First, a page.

OSEA Safety Blog

Put Your (Cigarette) Butts in their Place!

Saturday, July 11, 2020 Brenda Griffin

Did you know cigarette butts make up more than 38% of all collected litter? And, to further put that number into perspective, 4.5 trillion cigarette butts are littered worldwide each year. So, what’s the big deal?

Cigarette waste is toxic.

Butts contain arsenic and lead, nicotine, and 3000+ toxic chemicals that are poisonous to fish; in addition to 12,000+ cellulose acetate fibers per butt. In fact, researchers have found that once cigarette butts are soaked in a liter of water for 96 hours, it leaches out enough toxins to kill half of the fresh and salt-water fish exposed to them. Also, they are not biodegradable. Only about 38% of cigarette butts decompose after 2 years, so they linger in the environment.

Cleanup of cigarette butt litter waste is expensive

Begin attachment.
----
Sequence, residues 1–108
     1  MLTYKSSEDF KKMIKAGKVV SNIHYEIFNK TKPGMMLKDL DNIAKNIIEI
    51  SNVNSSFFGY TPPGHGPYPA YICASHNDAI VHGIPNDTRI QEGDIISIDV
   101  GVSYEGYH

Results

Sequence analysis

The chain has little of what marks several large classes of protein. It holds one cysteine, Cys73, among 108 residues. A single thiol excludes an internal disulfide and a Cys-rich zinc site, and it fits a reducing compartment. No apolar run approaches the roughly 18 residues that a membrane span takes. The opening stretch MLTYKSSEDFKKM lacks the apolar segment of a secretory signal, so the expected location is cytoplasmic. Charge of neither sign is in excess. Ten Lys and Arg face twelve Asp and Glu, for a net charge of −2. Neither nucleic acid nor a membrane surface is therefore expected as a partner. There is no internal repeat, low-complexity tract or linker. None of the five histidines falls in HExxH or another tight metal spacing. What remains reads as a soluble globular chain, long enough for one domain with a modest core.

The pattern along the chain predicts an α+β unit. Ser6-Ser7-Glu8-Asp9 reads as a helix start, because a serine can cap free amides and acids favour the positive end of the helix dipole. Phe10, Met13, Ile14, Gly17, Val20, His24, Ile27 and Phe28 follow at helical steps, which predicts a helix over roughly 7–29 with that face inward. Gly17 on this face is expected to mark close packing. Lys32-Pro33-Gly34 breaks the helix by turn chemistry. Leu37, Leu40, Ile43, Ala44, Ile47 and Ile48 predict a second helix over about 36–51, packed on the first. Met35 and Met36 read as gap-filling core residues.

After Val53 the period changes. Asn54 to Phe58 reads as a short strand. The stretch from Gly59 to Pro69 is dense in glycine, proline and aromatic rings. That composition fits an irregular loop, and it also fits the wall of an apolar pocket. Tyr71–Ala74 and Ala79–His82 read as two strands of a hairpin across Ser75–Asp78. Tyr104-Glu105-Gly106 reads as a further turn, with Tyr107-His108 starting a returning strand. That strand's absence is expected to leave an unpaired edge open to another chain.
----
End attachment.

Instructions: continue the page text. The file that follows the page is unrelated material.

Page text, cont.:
Cities spend between $3M and $16M on cigarette clean up!

Littering butts is the most common method of disposal

Fire-safe disposal options are a challenge for communities. As smoking bans have increased, smokers are not outside where fire-safe receptacles may not be available, so simply putting butts “out” on the ground is typical. According to truthinitiative.org, 75% of smokers report doing this, and it’s estimated that smokers litter up to 65% of their cigarette butts. Once on the ground, they make their way into sewer systems via stormwater runoff, lakes, streams, and oceans. Fires from cigarette butts also remains a concern.

What’s being done?

Some communities are banning the use and/or purchase of cigarettes in their communities. One non-profit in California has started a campaign called, “hold onto your butt,” to educated beachgoers on cigarette butt pollution on local beaches. Vancouver and other cities have partnered with TerraCycle to collect cigarette butts for recycling by placing 110 recycle bins in the downtown area. 49 states also use these bins to keep butts off the streets and waterways.

What can you do?

  1. Provide employees with a fire-proof disposal container, encouraging proper disposal.
  2. Keep parking areas swept up and dispose of sweepings properly.




Slaughter et al, “Toxicity of cigarette butts, and their chemical components, to marine and freshwater fish,” Tobacco Control, May 2011.

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